A tweet posted after 6 a.m. Pacific Time on McDonald's main account called Trump a "disgusting excuse of a President" and issued a judgment of his hand size. The tweet, which has since been removed, was online for about 20 minutes and was pinned to the top of McDonald's Twitter feed.
About an hour later, the fast-food giant said in a tweet that Twitter had informed it the account had been compromised. "We deleted the tweet, secured our account and are now investigating this," McDonald's said.
A spokesman for Twitter said the social media site doesn't comment on individual accounts.
Numerous Twitter users responded to the tweet that disparaged Trump, with some joking that they would visit McDonald's more as a result.
Kellan Terry, a senior data analyst for BrandWatch, a company that provides social media insights, said the tweet caused McDonald's Twitter mentions to spike more than 150%.
About two-thirds of the mentions showing emotion were positive.
"Big Macs are starting to trend within the McDonald's conversation as people are either saying they are buying a Big Mac today to mark the occasion, or they wonder if Trump supporters will now 'cut Big Macs from their diet,'" Terry said.
Terry doesn't believe the tweet will have an effect on McDonald's beyond the next few days. But security experts say it should be a lesson to corporations to better secure their increasingly important social media presence.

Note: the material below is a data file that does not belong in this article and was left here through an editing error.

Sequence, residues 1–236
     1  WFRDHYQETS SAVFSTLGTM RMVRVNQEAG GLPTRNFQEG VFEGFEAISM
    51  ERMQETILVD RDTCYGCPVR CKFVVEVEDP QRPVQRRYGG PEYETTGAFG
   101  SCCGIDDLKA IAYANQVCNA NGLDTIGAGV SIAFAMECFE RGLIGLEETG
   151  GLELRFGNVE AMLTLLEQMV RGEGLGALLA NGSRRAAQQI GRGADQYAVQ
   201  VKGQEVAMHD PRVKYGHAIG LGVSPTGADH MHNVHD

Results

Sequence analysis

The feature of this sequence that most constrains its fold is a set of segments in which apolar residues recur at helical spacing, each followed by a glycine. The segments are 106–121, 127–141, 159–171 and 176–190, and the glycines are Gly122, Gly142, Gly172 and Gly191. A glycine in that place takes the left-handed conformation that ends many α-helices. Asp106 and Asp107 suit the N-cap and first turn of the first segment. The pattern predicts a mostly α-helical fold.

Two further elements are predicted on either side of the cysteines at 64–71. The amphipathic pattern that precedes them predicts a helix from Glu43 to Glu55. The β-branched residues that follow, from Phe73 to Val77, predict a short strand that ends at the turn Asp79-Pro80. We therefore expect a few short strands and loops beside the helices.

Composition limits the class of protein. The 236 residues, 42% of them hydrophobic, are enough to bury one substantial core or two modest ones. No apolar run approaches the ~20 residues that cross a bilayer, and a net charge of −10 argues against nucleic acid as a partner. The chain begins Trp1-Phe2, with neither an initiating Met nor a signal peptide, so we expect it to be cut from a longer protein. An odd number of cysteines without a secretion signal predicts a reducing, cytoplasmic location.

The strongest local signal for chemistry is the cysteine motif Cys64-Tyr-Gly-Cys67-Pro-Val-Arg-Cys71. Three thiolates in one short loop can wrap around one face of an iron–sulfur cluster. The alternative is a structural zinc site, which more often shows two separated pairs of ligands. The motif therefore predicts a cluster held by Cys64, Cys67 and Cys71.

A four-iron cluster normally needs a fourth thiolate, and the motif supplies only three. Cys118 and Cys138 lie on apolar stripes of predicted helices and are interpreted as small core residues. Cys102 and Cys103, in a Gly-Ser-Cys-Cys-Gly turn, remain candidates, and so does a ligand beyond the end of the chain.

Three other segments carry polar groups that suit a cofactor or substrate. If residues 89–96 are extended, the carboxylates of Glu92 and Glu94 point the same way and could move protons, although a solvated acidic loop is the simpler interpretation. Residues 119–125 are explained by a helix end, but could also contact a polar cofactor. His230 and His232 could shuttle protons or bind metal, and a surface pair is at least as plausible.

"There are just so many ways, if you're not careful, for an adversary to have access to your social media accounts," said Michael Bailey, an associate professor of electrical and computer engineering at the University of Illinois at Urbana-Champaign. "Corporations are ripe targets because they have such a large presence on social media."
On Wednesday, hundreds of prominent Twitter accounts — from those belonging to celebrities like Justin Bieber to news organizations including Forbes — were hacked. The hackers, who are believed to have gained access through a third-party app that analyzes Twitter followers, changed the users' background photos to one of the Turkish flag and sent out political messages in Turkish.
Jack Koziol, president and founder of InfoSec Institute, an Illinois-based information security training company, said Twitter account hacks like the McDonald's incident primarily are done through phishing scams in which the hacker figures out who owns the corporate Twitter account through public information (a LinkedIn profile, for example) and then sends a password reset email to the person. If that person follows the email's prompts, he or she can inadvertently give a password, and therefore access, to a hacker.
"The two best ways to prevent this are via two-factor authentication and education," Koziol said in an email. Two-factor authentication can be set up by any account and requires a verification code sent to a phone number — in addition to the password — to log on.
Education, Koziol said, includes being knowledgeable and diligent about how to keep your personal information and your social media accounts safe.
"We don't walk around holding cash in our hand in a dark alley," he said. "We need to be smarter online as well."
Staff writer Ally Marotti contributed to this report.
11:40 a.m.: This article was updated throughout with staff reporting.